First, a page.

Tourism industry and the scope of alleviation of poverty

Tourists visit the country and return to their country, however the income ushered in through the tourists is instrumental for the contribution to the human capital. This generates income that is effective in developing the infrastructure to forge new business that is significant for the for generating income for the growing population in the context of India. Hugo and Nyaupane (2016) are of the opinion that in many developed and developing countries of the world tourism is the vehicle for earning foreign revenue. It also creates direct and indirect employment. Tourism has been reported to contribute to 5 per cent of the world’s GDP (Step.unwto.org 2018). WTTC (World Travel and Tourism Council) have reported that tourism contributes to 12 per cent of the GDP of the world and 40 per cent of the GDP of the developing countries of the world. In 2010, it was reported that tourism contributed to 12 per cent of the total GDP (Sharma and Kumar 2018). Tourism has been accounted for generating 8 per cent of employment and it is predicted to generate employment for 324 million and tourism also accounts for 36 per cent of the service exports in the advanced countries of the world (Brako and Joseph 2017). It is found to be the primary economic exchange for 47 per cent of the world’s  economy. . It is also reported that it contributes to 66 per cent of the service exports for the developing countries. It is argued that tourism is considered as a major cause for poverty alleviation, generation of employment and also fosters human development. Tourism has indirect impact on the generation of income and employment.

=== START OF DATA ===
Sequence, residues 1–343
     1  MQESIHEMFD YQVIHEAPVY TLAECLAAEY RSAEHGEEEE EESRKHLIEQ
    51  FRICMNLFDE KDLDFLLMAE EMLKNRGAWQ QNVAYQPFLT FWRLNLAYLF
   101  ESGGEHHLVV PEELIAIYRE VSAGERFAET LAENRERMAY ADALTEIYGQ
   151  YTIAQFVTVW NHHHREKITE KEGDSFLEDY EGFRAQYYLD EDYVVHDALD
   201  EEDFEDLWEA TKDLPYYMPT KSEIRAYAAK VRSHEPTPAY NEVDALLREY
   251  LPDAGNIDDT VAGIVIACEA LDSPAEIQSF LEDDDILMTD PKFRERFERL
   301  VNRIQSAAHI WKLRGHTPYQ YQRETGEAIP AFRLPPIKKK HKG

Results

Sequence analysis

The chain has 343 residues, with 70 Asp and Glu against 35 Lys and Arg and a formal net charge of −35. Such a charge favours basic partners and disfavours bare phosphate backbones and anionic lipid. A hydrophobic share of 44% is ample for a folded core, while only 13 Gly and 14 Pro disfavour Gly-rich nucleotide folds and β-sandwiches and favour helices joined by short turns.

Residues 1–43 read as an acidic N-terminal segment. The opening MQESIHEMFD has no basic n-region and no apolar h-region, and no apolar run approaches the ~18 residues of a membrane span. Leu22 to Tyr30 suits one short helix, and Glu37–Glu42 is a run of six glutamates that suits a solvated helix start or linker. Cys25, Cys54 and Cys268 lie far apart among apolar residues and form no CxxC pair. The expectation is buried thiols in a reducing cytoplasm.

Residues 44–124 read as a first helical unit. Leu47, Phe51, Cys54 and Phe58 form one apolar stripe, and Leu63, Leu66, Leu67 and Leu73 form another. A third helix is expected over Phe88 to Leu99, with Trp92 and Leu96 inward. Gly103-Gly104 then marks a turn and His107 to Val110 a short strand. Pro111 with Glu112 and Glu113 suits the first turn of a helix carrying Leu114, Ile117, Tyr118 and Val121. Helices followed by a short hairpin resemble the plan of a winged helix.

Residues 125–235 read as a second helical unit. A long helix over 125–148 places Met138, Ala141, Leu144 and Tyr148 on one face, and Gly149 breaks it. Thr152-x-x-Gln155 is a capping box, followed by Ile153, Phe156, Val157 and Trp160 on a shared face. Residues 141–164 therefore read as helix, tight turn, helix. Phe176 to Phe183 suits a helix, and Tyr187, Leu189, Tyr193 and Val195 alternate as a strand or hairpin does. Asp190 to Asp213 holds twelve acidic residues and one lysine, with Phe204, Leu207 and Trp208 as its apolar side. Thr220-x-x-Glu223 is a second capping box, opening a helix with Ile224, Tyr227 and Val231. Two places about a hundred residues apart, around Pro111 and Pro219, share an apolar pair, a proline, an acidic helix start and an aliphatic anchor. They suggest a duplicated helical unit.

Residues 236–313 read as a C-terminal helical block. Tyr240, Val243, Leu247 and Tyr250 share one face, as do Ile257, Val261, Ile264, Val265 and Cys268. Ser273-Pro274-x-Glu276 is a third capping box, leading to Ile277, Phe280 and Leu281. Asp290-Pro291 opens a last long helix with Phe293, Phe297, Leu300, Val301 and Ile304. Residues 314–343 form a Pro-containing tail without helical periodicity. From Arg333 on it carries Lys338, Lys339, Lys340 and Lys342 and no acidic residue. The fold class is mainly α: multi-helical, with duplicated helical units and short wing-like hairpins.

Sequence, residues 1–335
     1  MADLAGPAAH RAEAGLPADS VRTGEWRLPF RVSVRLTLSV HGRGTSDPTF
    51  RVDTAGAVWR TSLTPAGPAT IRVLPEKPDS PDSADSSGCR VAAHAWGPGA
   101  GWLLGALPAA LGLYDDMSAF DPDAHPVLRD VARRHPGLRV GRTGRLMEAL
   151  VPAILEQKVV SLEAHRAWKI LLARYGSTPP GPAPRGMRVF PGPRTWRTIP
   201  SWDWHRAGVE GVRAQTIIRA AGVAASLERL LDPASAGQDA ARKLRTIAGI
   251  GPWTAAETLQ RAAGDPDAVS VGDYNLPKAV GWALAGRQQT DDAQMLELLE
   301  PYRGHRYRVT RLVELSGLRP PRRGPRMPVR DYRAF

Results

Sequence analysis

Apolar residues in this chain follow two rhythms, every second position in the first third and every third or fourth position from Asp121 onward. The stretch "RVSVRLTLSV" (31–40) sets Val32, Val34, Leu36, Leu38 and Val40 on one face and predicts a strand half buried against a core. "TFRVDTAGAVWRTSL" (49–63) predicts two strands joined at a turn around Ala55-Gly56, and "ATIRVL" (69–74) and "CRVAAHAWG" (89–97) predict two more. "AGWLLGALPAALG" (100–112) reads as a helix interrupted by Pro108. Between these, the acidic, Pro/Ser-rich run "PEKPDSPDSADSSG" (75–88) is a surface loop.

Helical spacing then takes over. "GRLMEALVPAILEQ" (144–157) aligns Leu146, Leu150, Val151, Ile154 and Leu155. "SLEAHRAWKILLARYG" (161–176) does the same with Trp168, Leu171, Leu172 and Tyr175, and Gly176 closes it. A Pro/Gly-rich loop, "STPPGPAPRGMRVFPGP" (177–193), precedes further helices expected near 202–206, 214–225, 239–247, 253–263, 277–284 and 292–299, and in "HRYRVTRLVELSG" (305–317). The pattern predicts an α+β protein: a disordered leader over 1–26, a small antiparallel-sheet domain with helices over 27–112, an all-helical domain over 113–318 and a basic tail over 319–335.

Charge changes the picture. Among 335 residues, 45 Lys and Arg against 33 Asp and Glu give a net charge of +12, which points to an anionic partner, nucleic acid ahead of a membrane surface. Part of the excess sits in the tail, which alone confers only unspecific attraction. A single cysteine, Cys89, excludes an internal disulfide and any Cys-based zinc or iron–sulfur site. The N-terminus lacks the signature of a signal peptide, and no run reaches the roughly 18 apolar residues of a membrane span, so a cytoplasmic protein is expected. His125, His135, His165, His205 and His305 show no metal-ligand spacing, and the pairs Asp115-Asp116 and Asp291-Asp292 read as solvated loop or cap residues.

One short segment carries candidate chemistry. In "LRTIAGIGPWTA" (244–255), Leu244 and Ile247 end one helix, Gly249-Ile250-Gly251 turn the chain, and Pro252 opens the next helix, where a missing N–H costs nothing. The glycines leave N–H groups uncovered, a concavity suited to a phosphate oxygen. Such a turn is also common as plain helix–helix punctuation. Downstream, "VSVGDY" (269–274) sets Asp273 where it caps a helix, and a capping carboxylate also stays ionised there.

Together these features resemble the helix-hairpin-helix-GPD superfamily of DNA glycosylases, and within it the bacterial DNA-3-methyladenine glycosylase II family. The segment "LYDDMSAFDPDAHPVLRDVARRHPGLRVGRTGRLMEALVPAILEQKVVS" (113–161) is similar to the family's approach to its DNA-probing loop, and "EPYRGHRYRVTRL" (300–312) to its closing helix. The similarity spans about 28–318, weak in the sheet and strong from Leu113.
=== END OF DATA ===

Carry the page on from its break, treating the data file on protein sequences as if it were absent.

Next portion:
In the context of India, tourism is found to be contributing to one-third of the foreign exchange of the world’s foreign exchange revenue in India. In India, the tourism industry is the most vibrant industry and is predicted to be a multi-million industry. It was found that travel and tourism would generate culminate to 24, 931, 000 jobs for the multiple stakeholders in the tourism industry (Seetanah et al. 2017). This means hotels, travel agents, transportation and airlines will benefit from such a trend. According to Kalaiya and Kumar (2015) Kachchh is touted to be a bastion for immense possibilities to attract tourists from all over the world. There is a robust revival of the tourism sector thus making the Kachchh region a frontrunner in the tourism sector. It has been found that the Rannutsav in Kachchh has indirectly contributed to the livelihood of the local communities. The entry fee alone generated 516955 INR and the footfall of the tourists are 66656 in 2011 that includes NRI, foreign tourists, Gujarati community as well as the non-Gujarati people (Tang, Tiwari and Shahbaz 2016). The activities of hot air balloon and other terrain vehicles lead to the generation of 2.24 lakh INR.